Madagascar Slaves in New York

My 3rd great-grandmother, Susan Pickett, was born in Morris County, NJ in 1809. Her mother, a slave named Tun, was born in the late 1700s in either NY or NJ. It is quite possible that Tun’s maternal Madagascar ancestors arrived during one of those two periods. I am now searching for Tun in her slave owner’s records. Apparently she was owned by someone who then rented her out to another master.

Unusual Suspect #2: North Africa

Prior to my DNA tests, I only had knowledge of my Ashkenazi Jewish ancestry on my mother’s side. Post-DNA test, I now know that I am also a descendant of Sephardic Jews from Spain. My North African ancestry is from my paternal side. Following their 1492 expulsion from Spain, Jews settled mainly in the Ottoman Empire, Morocco and Algeria, southern France, Italy, Puerto Rico, Cuba, Costa Rica, the Dominican Republic, New Mexico, Texas, Arizona, and Mexico, Spanish South America, Brazil, Netherlands and her territories (Curaçao, Suriname, Aruba and New Amsterdam) England (as well as English colonies such as Barbados and Jamaica), Germany, Denmark, Poland, Austria and Hungary. So, some of my North African ancestry comes from my Sephardic  roots. But, I also have Puerto Rican ancestors via the Canary Islands which includes the Guanches who are of Berber descent from North Africa.

My DNA Tribes SNP Analysis also includes Fulani ancestry. The Fulani were known to be nomadic and migrated from West Africa to North Africa. This ancestry may come from either one of my parents.

Unusual Suspect #3: France, Corsica, and Italy

French and Italian ancestry is very common in Puerto Ricans. This is due to the Spanish Crown issuing the 1815 Royal Decree of GracesThis decree lasted until 1898 when the US took over Puerto Rico.

Royal Decree of Graces of 1815

King Ferdinand decided that one of the ways to end the pro-independence movement in Puerto Rico and Cuba was to allow non-Spanish Catholic Europeans (e.g., the French, Corsican, Irish, and Italians), who swore loyalty to the Spanish Crown, to settle on both islands. These new immigrants were given land grants and papers indicated that they were loyal to both  the Spanish Crown and the Catholic Church. After 5 years, they could become Spanish subjects. It was these immigrants who became the sugarcane, tobacco, and coffee planter class with Africans being the slave labor class.

Part of my French ancestry is due to French immigration to Puerto Rico at this time. (By the way, I have some Puerto Rican cousins with the surnames LeGrand, Betancourt, Poupart, and Ruitort among others.)  However, some of my French ancestry is also due to Corsican immigration to the island. In the early 1800s, Yauco was Ground Zero for Corsican Immigration. Corsica was originally an Italian territory that was lost to France in 1768 as such a lot of Corsican surnames are Italian in origin.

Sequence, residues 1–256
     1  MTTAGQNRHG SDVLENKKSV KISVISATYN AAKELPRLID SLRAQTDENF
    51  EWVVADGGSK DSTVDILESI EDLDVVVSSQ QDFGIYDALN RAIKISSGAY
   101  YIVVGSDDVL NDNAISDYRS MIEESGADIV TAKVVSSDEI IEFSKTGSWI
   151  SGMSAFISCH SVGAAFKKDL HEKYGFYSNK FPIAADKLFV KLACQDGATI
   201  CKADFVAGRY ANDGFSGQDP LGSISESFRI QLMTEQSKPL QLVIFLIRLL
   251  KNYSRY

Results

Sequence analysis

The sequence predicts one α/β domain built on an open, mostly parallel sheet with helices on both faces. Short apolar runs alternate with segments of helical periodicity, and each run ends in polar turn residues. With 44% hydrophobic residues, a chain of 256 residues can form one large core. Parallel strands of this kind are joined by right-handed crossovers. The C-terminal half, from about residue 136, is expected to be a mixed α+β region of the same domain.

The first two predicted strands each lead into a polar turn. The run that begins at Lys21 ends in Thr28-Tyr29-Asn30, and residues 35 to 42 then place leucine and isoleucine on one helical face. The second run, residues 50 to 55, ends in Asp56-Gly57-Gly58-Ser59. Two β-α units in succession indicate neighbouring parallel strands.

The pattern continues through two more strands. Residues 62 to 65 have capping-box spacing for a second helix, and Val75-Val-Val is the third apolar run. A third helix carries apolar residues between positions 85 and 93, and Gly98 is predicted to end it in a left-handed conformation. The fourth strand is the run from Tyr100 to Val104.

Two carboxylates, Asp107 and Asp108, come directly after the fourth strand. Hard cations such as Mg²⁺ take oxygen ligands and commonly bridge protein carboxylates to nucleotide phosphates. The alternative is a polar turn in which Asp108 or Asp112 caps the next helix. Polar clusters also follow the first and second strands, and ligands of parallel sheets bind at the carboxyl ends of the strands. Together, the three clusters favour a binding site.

My paternal grandfather, Antonio Vega Bonilla, was born in Susua Alta, Yauco, Puerto Rico as were his ancestors.  On some of my paternal family’s birth and marriage certificates, people with Corsican surnames like Cardi, Bernadini, Filiberti, and Oliveri are listed as relatives who were witnesses to those events. I believe my paternal grandfather’s ancestors intermarried with, or had children by, these Corsican immigrants.

As I communicate with some of Euro DNA cousins, I am also finding that I have French ancestry on my maternal side as well. Some of this French ancestry is from French Huguenots who arrived in the US during colonial times from England. I also have a lot of French Canadian/Arcadian ancestry. I have no idea where this ancestry comes from and I am still investigating.

Unusual Suspect #4: Scandinavia 

When I first received my 23andme results, they only listed Finland as a Scandinavian country that apparently left a mark on my DNA. Say what? On their new Ancestry Composition, this changed to the more general Scandinavian category. When I look at my DNA relatives and Ancestry Finder lists, I see DNA cousins with Finnish, Swedish, and Norwegian ancestry. I had no knowledge on either side of my family of Scandinavian ancestry. I found this to be interesting. How did I get Finnish DNA???

Well, it turns out that there was a New Sweden colony that extended from Delaware, Pennsylvania, and up to New Jersey between the years of 1638-1655. Finland was part of Sweden at this time. As a result, a lot of Finnish and Swedish people immigrated to this colony. By 1690, the Swedes and Finns had settled in Cape May, Salem, and Gloucester counties in New Jersey. When I look at my DNA 5th-8th cousins’ family trees on, I see a lot of surnames from Salem and Gloucester counties in NJ,  but I don’t recognize the names. It may be that I inherited Scandinavian DNA from a slave owner sometime in the colonial NJ era. As this time,  the best I can do is to be on the lookout for any Scandinavian names that pop up in my research on my NJ ancestors.